Presentation on theme: "Zone Chairperson How to be everything to everyone."— Presentation transcript:
Zone Chairperson How to be everything to everyone
Job Responsibilities What do you expect me to do?
Three Hats of a Zone Chairperson Motivator – recognise club success Counselor – provides coaching and guidance Communicator – informs clubs of district information and reports club activities and any issues to the District Governor News
Zone Chairperson Responsibilities Participate in the District Cabinet Monitor the well being of clubs in your zone Further the purposes of the association Propose actions on any weak clubs in your Zone Organise and conduct Zone meetings Report on membership and service in clubs Report on clubs in financial suspension or in status quo Suggest and implement methods to assist clubs within the zone Facilitate exchange of ideas about membership growth, programs, projects, activities, and fund raising methods among Zone clubs Ensure every club is aware of the Club Constitution & By-laws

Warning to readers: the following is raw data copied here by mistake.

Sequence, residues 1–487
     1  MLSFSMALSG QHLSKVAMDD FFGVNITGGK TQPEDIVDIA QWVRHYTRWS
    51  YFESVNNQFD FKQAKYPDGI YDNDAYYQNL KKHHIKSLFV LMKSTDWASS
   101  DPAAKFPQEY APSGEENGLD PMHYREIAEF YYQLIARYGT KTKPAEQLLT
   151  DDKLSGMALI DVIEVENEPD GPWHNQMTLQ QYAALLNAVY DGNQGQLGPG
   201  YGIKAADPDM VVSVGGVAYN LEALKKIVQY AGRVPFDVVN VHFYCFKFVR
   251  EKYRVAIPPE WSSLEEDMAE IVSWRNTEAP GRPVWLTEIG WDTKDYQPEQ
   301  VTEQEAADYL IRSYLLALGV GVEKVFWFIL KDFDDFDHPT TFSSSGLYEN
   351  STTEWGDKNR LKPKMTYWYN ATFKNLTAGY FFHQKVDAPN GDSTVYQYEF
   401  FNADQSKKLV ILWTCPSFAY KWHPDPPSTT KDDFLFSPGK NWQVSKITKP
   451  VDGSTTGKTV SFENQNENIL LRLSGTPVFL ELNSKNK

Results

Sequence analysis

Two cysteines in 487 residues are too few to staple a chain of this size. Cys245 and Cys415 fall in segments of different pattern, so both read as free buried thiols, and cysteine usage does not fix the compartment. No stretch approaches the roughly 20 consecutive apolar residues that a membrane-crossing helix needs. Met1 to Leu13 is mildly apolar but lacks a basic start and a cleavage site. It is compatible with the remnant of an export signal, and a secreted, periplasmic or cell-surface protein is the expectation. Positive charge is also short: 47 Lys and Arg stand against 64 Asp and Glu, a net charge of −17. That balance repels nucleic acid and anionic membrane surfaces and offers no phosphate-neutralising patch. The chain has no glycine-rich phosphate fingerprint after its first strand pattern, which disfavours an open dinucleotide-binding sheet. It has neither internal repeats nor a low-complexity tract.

In Partnership with the District Membership & Leadership Teams Encourage all Zone Clubs to view undertaking:- Organise a new club Conduct new member orientation Conduct training on retention of existing members Implement a member recruitment plan Nurture current and future leaders Promote use of on-line leadership materials
Motivation Why are you willing to accept the challenge of the chairperson position?
Levels of Human Needs Level 1: Physiological Needs Level 2: Security Needs Level 3: Social Needs Level 4: Ego ‑ Enhancement Level 5: Self ‑ Actualisation Needs Lower level needs must be met before a person can focus on these higher levels
Motivation Theories The following theories of human motivation will be explained: Douglas McGregor’s Theory X and Theory Y David McClelland’s Theory of Motivation
McGregor’s Theory X of Managing People People dislike work and will avoid it People must be forced to work by threat of punishment People must be controlled People prefer to be directed